Free/Open Source Software has always been about innovation, writes Packt columnist Mayank Sharma. We have come from resolving dependencies to unique point-and-click package management, from text-based installations to graphical ones that are easy to follow, from a lack of desktop-oriented applications to a surplus. But the desktop and window managers still feel like they did initially. Does the buck stop here? Not if SymphonyOS can help it.(www.www.symphonyos.com/)
Creating Desktop Symphony
Free/Open Source Software has always been about innovation. We have come from resolving dependencies to unique point-and-click package management, from text-based installations to graphical ones that are easy to follow, from a lack of desktop-oriented applications to a surplus. But the desktop and window managers still feel like they did initially. Does the buck stop here? Not if SymphonyOS can help it. http://www.symphonyos.com/
Ryan Quinn's Symphony Linux, though still under beta, has a huge fan following, thanks to Jason Spisak's Mezzo Desktop Environment (DE). Initially, SymphonyOS started out with Knoppix at its heart, but the latest version has a pure Debian base with a 2.6 series kernel managing things. As per Ryan, on the project's website, the number of bugs being filed is significantly low as the distribution begins stabilizing.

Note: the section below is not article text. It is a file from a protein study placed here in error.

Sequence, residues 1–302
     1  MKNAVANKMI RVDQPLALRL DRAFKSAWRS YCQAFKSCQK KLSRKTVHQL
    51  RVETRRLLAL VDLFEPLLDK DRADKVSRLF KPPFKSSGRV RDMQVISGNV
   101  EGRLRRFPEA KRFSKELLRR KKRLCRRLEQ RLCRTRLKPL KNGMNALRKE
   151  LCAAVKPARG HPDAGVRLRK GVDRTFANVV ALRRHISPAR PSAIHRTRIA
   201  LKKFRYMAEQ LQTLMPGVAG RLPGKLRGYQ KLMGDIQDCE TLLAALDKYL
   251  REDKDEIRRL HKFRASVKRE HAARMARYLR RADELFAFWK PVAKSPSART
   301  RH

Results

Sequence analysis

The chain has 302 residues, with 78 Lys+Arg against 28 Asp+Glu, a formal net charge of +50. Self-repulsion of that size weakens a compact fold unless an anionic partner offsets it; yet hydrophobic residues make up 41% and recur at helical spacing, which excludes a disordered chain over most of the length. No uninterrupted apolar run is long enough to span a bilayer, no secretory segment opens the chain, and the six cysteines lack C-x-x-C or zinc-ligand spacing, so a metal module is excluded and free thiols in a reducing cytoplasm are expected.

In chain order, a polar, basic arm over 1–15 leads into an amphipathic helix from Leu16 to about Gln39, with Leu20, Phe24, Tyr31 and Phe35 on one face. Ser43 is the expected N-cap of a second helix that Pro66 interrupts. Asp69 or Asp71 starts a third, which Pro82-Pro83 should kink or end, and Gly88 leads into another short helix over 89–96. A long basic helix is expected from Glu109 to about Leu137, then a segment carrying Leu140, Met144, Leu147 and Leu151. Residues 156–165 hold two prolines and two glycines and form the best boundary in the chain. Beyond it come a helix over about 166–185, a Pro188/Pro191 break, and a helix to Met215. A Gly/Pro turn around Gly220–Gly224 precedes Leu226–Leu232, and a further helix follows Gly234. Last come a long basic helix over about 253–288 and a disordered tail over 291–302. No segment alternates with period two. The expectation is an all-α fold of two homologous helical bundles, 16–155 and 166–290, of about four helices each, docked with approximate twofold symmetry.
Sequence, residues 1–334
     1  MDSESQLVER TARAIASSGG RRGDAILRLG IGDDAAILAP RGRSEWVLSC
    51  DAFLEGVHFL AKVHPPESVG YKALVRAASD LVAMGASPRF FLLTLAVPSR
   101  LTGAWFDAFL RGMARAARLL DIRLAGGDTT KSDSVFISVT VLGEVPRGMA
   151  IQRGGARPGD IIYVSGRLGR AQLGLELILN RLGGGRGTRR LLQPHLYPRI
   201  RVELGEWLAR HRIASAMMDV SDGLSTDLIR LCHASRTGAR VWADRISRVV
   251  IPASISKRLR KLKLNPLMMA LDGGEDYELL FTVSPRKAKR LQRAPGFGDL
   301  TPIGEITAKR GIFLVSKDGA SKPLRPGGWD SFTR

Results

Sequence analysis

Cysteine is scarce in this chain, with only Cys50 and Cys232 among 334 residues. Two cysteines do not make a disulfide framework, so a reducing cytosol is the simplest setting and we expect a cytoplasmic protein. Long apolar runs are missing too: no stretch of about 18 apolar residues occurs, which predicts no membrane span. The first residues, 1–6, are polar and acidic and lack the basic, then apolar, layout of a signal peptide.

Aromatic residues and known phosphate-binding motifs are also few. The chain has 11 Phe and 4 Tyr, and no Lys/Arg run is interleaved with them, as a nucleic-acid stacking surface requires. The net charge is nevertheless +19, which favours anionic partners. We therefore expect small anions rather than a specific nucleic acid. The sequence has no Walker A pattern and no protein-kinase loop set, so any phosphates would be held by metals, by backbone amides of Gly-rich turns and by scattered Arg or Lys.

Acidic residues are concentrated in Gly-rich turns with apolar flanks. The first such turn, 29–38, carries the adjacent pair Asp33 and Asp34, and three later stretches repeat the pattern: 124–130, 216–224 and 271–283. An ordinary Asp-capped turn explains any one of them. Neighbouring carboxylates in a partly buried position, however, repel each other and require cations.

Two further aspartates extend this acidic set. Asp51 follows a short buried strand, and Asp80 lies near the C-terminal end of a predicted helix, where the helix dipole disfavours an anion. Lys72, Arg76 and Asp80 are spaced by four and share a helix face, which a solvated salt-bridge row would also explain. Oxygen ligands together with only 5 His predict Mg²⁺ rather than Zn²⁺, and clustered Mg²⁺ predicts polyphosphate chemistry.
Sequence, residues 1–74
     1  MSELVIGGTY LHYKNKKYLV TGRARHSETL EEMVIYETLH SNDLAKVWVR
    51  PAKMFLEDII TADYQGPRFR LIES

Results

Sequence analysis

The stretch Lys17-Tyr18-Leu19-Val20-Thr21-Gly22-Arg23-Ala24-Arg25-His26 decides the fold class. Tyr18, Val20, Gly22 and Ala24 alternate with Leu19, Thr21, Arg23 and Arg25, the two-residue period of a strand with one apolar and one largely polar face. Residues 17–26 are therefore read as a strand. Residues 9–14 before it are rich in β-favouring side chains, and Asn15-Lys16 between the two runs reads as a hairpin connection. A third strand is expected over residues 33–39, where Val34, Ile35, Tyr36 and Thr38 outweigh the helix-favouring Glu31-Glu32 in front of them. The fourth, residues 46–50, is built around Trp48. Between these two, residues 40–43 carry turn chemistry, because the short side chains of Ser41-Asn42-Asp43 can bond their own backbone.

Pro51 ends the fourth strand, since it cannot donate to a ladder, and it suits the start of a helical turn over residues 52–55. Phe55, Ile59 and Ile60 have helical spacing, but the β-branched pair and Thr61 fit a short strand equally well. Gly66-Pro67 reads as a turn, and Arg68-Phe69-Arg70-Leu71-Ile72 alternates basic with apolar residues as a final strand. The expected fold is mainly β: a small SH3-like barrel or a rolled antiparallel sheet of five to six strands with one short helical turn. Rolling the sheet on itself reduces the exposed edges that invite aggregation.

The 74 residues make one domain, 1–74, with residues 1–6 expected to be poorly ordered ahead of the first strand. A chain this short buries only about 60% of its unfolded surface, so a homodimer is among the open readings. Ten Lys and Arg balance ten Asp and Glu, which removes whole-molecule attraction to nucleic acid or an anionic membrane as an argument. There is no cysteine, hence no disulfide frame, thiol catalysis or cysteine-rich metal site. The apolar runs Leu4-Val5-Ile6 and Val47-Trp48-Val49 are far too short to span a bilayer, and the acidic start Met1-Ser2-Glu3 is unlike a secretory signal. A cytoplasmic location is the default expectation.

But first, let's talk of the things that make SymphonyOS stand out -- the Mezzo Desktop, One Click Package Management, and the Orchestra Application Enviornment.
The Mezzo DE is built on Jason's Laws of Interface Design. It breaks from the traditional view of a DE and makes it more intuitive for a user. It is the only DE currently available in SymphonyOS though it can be used with other distributions as well.
According to the SymphonyOS project website, the design of Mezzo has also influenced other projects, particularly the Kuartet Desktop, which is built upon KDE using Superkaramba and Python and renders a GUI similarly designed as Mezzo.
One Click Package Management
Based on Debian's popular apt-get package management, the OneClick system is actually a software store that easily installs software through SymphonyOS's Apt-Plus protocol. All you need to do is find your way around to the OneClick Software (http://apt-plus.com/), browse your way through the applications available, select the one you want to use, click on the Install hyperlink and let SymphonyOS handle the rest. Yes, all through the browser itself!
Behind the scenes, Symphony invokes apt-get that downloads and installs the application and its dependancies. The store is still under development, with applications being added quite frequently. Programs are categorized under Games, Internet, Multimedia, Servers, Windows Compatibility, Web 2.0 apps, Graphics, Office, Utilities, Symphony Desklets and Misc.
Orchestra Application Environment
To me, the way SymphonyOS runs applications is far more interesting than the Mezzo desktop. All of SymphonyOS's applications are a combination of plain HTML files and some interpreted language like Perl, PHP. These scripts are translated by the Orchestra applications environment into standard GUI applications!